Working Solution · Last modified July 15, 2009
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When searches return too many results to display on a single page, separate the information into a sequence of pages.
Provide pagination control, as a row of links, to enable the user to browse through more results than can be displayed on a single page.
What Problem Does This Solve?
The user needs to view a set of search results ranked by relevance that is too large to easily display within a single page.
When to Use This Pattern
- Displaying search results.
- There are more results than can comfortably fit within one screen.
What's the Solution?
- Break the information into a sequence of pages sorted by relevance.
- Provide a pagination control for providing access to paged content
- Display the navigation controls as a row of links.
- Present links in the following order: 'Prev', page links, 'Next'.
- Display a left arrow after the label 'Prev'.
- Display a right arrow before the label 'Next'.
- Make the arrow(s) clickable.
- The page links should contain a maximum set of 10 page links. If fewer pages of results exist, only show page links for the available pages.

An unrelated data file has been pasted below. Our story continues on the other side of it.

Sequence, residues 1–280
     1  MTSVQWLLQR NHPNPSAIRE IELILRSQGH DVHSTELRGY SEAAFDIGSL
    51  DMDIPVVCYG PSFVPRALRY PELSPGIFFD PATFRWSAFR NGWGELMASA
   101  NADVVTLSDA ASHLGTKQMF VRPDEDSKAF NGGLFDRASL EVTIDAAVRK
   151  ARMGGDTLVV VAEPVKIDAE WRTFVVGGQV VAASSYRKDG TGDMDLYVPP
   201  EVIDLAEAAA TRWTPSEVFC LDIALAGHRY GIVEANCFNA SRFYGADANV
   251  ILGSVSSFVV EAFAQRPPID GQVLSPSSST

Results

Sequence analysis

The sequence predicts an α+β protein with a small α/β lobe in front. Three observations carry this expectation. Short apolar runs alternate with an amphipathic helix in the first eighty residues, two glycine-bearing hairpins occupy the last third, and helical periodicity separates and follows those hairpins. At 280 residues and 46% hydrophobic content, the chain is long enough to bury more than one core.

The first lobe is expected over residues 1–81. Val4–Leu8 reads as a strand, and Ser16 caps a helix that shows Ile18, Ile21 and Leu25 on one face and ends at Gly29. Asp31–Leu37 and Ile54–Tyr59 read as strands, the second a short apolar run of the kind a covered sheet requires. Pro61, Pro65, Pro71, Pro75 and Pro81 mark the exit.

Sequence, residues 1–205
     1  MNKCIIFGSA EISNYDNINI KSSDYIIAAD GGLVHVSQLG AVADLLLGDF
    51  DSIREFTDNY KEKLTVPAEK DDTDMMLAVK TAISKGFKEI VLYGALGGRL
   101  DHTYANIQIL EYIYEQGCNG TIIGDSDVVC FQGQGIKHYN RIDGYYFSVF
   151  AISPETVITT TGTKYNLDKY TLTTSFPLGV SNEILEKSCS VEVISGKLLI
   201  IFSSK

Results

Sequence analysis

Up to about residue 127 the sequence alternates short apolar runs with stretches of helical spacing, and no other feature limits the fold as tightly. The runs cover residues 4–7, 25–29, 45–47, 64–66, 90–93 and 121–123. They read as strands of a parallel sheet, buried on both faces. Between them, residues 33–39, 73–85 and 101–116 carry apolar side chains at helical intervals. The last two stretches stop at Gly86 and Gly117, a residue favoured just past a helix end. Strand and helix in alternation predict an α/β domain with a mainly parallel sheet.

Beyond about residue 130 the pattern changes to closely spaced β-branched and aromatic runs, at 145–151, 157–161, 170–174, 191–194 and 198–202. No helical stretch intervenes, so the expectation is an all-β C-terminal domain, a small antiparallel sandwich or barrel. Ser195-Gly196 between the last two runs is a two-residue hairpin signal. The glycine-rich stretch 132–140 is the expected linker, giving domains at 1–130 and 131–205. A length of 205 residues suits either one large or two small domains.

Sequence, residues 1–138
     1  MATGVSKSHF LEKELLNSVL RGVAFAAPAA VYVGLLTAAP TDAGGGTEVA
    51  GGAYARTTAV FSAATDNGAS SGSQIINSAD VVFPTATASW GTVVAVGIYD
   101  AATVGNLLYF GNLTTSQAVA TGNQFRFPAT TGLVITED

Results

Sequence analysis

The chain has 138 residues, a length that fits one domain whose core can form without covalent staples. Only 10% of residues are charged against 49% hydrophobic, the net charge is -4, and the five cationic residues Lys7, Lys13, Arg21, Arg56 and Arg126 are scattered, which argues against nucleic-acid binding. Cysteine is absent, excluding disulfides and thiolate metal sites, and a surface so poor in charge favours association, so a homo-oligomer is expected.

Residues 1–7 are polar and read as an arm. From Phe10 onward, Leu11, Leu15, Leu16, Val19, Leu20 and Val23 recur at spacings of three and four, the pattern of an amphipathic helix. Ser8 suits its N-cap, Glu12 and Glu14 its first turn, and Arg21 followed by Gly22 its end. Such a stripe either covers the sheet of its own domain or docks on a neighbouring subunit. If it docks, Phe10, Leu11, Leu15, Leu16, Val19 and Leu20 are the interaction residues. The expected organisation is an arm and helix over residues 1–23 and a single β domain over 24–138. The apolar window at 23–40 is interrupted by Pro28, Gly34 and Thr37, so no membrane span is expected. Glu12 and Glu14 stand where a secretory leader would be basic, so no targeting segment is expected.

- When on pages 1-6, the page links should always start at '1'.
- When on any page after 6 (7 and onward), the page links should start at the current page minus 5. For example, when on page 7, the first page will be 2 (7 - 5 = 2) and the last page will be 11 (still shows 10 pages.)
- When on first page of results do not display the label or arrow for 'Prev'.
- When on the last page of results do not display the label or arrow for 'Next'
- Do not display a hyperlink for the current page in the page links.
- Label the control 'Results Page'.
Why Use This Pattern?
- Displaying arrow graphics helps differentiate the links and provides larger click targets.
- Disabled controls add little value in this context since
- These links often appear blow the fold.
- The first page of results makes up the vast majority of pageviews. Displaying a disabled "previous" control on all of these is of little added value.
- Although a "First" link has value, it competes with the functionality presented in the random-access links.
- The "Last" link is of little value as the results are sorted by relevance. This is is also problematic since the total number of results (and therefore, the last result) may not be known.
- Allow each link to be navigated to with the Tab key.
- When an individual link has keyboard focus, the Enter key will navigate to the linked page.